3. The leader calls for several student to explain how they decomposed their fraction or to tell why they could not decompose their fraction.
    4. A new leader is chosen. A new fraction card is given to each student. The new leader gives a new if_ then_, else statement.
    5. Continue the activity for the allotted time.
  2. Ask and Wait Activity (allow 20 minutes)
    1. Begin with a demonstration conversation between the teacher and a student. The conversation can be on any topic that leads to further questions. For example, “What did you do last night?” The teacher poses a question, and the student answers. Based on the student’s response, the teacher asks a follow-up question using a key word from the student’s response. For each connected follow-up question, the teacher gets one point. The teacher gets two minutes to ask questions. Then it is the student’s turn to ask questions. The student gets two minutes. The goal is to earn as many points as possible. The person with the most points wins.
    2. Group students into teams of 3. Two students will begin their conversation, and the third student will be the score keeper. The score keeper makes sure that the questions being asked are connected to the previous answer. If they are not connected, no points are scored for that question.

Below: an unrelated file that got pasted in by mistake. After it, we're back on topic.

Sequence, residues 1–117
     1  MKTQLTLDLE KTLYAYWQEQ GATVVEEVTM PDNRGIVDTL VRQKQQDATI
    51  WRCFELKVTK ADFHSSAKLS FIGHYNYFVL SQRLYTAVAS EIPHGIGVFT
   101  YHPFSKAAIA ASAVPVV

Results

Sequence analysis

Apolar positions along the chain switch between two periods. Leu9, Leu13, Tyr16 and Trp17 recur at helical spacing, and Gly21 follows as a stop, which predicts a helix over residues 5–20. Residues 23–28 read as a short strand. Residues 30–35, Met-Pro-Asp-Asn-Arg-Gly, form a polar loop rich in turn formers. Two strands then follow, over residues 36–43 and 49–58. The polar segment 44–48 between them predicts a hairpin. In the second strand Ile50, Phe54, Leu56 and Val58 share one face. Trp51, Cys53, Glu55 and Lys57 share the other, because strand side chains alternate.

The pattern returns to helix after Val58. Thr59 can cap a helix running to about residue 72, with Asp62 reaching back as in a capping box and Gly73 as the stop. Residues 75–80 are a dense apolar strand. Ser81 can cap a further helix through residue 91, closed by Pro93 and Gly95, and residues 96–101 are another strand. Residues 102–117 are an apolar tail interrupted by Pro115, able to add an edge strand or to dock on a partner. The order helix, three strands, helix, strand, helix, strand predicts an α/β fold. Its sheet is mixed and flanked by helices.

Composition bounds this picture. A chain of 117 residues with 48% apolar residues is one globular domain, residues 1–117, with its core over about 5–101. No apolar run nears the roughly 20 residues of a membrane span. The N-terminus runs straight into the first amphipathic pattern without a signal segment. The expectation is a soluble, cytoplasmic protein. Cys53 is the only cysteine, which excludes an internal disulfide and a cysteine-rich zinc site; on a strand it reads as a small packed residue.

3. The game continues until all three students have had a chance to ask questions, respond to questions, and be the score keeper for two minutes.
    4. After the game, reinforce that when we ask a question, we wait for and listen to the answer, and then use that answer.

Relate to Scratch

In Scratch there is a block called ask and wait. It is found in the Sensing category. When this block Ask and wait scratch block asking is used, the sprite asks a question. Then it waits for an answer. After it has the answer, it uses that answer in some way.

Common Core:

4.OA.3, 4.NBT.3, 4,NBT.4, 4.NBT.5, 4.NF.1, 4.NF.3, 4.NF.5, 4.NF.6, 4.MD.2, 4.MD.4, 4.MD.5 5.G.1, 4.G.3

CT/CS STandards:

CT– Decomposition, Pattern recognition, Algorithm design, Pattern generalization & abstraction
CS– Understand that algorithms are implemented as programs on digital devices, Understand that programs execute by following precise and unambiguous instructions, Write programs that accomplish specific goals, Use sequence in programs, Design and create content

Champaign Unit 4 School DistrictKenwood Elementary School: bright stars, bright futures
College of Education at IllinoisUChicago STEM EducationNSF
These lessons were written by Judy Rocke based on lessons developed at Kenwood Elementary School in the Champaign Unit 4 school district. Funding was provided by the National Science Foundation under award number 1542828. These lessons are intended to be used alongside the EM-4 curriculum.

Lessons prepared as web documents in Summer 2017. Contact us for updated lesson plan materials.